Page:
Of all topics, this is one of the perennials. People want more traffic, more attention, more awareness to their blog. It’s fair. We work hard on our blogs. We want more attention and traffic. If your business depends on volume, this is especially important (for instance, if you’re using ads). Getting traffic is a tricky business, and it requires a lot of experimentation. I’ll tell you what’s worked for me, so far, and I’ll tell you what you might try. Maybe others will educate us both in the comments on their best methods.
Great Titles Help
The first few seconds of someone’s attention are the hardest to pass. If you have a lame blog post title, no one’s going to want to read the post. For whatever reason, we react to “how to,” we react to “7 great,” we react to all kinds of things. Not sure where to look? I stole this advice from Brian Clark years ago: go to the grocery store, buy some ladies’ magazines like Cosmopolitan, and learn how THEY write headlines on the front page.
Graphics Don’t Hurt
This entire series (and most of my blog posts) use graphics to catch your eye. It’s an easy way to get one’s attention. Screen captures help. Video helps. There are tons of ways to get people into a receptive space with your material, and graphics are just the easiest one.
Now that we’ve got a decent title, decent graphics, let’s be quick about your content.
Brevity Is the Game
Keep your posts brief (unless you want tons and tons of bookmarks). People don’t have all day to read. If you can keep your posts between 250-500 words, that’s in alignment with most people’s attention spans. Hey, you’re welcome to write whatever length you want. You asked me how to grow traffic to your blog. I can only give you results that I’ve tested. When I write a super long piece, I get much less involvement with it.
Share Your Blog
I’ve written about making shareability a priority. If you don’t have easy-to-share buttons on your blog, you’re missing the easiest way for people to see your stuff on Facebook, on LinkedIn, on Twitter, and all the other sites where it would matter. Sharing out is a great way to make some more traffic happen. I also automatically push my posts into Facebook with their notes feature. I have an automated post into twitter via @broganmedia, but don’t do this same effect on my primary @chrisbrogan account.
Subscriptions or No?
In my case, subscriptions to my blog matter. I want people to subscribe, because I don’t necessarily survive on ad revenue. If you’re trying to monetize via ad revenue, and if your ads are in the header and the sidebar, a subscription really won’t help you get more traffic. If for whatever reason you want people to come to your website directly instead of via your RSS feed, you might want to obfuscate where you put your subscription information.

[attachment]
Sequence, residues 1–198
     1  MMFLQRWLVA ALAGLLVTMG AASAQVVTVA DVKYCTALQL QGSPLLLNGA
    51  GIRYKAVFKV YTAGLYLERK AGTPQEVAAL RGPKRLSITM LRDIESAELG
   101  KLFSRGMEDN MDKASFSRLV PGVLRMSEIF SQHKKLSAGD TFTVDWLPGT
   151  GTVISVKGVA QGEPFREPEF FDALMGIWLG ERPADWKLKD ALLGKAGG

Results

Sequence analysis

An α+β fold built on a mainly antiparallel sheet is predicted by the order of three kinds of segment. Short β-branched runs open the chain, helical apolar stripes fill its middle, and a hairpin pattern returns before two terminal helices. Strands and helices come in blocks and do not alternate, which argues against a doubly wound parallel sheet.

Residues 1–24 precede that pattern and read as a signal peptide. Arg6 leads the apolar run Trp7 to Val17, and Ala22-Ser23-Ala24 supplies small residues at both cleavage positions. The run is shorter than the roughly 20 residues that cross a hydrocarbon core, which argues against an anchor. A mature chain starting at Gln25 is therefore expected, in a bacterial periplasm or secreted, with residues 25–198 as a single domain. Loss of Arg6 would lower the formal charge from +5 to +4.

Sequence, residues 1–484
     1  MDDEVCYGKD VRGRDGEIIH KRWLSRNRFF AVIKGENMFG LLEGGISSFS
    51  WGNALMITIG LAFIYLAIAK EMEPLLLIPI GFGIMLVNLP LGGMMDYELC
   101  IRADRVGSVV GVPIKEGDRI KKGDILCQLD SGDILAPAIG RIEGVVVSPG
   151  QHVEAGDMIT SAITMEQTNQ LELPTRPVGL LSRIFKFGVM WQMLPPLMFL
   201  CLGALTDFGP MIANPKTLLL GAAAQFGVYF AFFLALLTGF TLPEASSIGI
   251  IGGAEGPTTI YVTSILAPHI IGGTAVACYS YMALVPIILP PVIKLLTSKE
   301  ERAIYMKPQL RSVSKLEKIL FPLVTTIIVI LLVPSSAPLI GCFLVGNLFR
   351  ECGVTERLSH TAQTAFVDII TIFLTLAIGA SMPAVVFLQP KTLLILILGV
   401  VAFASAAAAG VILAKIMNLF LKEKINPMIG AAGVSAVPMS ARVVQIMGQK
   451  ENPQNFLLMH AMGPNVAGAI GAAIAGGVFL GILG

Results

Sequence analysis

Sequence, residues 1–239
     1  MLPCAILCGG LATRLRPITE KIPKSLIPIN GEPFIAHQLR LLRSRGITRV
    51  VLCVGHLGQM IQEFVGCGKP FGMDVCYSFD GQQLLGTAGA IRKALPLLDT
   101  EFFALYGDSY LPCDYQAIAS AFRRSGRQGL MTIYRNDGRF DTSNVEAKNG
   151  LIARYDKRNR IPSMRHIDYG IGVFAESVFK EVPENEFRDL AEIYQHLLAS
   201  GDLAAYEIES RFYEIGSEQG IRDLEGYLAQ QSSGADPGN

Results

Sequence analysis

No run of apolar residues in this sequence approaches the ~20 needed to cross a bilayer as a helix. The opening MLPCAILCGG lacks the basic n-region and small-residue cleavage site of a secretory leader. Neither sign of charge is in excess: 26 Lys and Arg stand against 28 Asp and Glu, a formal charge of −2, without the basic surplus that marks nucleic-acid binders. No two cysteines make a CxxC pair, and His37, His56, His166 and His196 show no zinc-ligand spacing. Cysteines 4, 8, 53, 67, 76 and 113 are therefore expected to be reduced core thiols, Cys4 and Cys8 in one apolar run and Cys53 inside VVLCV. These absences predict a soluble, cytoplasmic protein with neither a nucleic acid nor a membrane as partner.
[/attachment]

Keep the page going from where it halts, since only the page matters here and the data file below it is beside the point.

If you’re like me, you ask for the subscription all the time. In fact, I’ll ask now. You’re not yet subscribed? Enter your email (I respect your privacy):
Over in the Third Tribe, we talk about guest posts (affiliate link to a guide) quite often as a great traffic-builder to your blog. Find someone who has a very similar kind of blog topic to yours (not sure where to start? Check out Alltop), and offer a guest blog post. Oh, and then actually follow through. I have heard recently from my friends who accept guest posts that often, people ask for something, get approval, and then don’t take an action. That doesn’t sound like a good plan. Just FYI.
This is one of those points where people disagree. I blog daily. Truth be told, I’m up to 2x a day most days. Why? Because the more I blog, the more people subscribe. I learned it from some of the larger blogger sites out there.
Lots of people justify once a week, or once every two weeks. That’s fine. But if you want to grow traffic to your blog, that’s a very long slow crawl towards that growth. That said, no matter which frequency you’ve chosen, stick to it. The moment you drop off the map, people who haven’t yet subscribed to you lose sight and move on.
Market Your Blog
You can always market your blog the good old fashioned way. I’ve had people hand me business cards at events that had a compelling question or interesting graphic, and then a URL to their blog. More often than not, I’ll at least check out the post. You might make postcards and bring them to the places where your prospective readers might congregate. For instance, if you write a restaurant blog, why not have a business card tray by the mints? Make an offer, just like you do with any other kind of marketing.
Often times, we sit around inside the fishbowl of social media and hope people from outside will find us. Here’s a hint, hero: the people you need are out there wondering what they can do to learn more about the thing you’re talking about. Go get ’em, tiger.
How Do You Grow Traffic To Your Blog?
I’m a big fan of the basics: write about what they need, make sure they see that you wrote about it, make it easy to carry on the relationship, make it easy for them to promote you to others.
Seems like a simple formula, and yet, we go through all kinds of hoops to come up with trickier methods. Try this one first. What do you say?